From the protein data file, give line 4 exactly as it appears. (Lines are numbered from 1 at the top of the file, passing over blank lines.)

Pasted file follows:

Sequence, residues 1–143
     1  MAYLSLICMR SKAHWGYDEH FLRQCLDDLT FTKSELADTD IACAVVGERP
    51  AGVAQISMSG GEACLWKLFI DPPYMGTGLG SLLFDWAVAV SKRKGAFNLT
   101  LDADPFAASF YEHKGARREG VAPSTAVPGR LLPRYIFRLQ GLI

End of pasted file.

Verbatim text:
   101  LDADPFAASF YEHKGARREG VAPSTAVPGR LLPRYIFRLQ GLI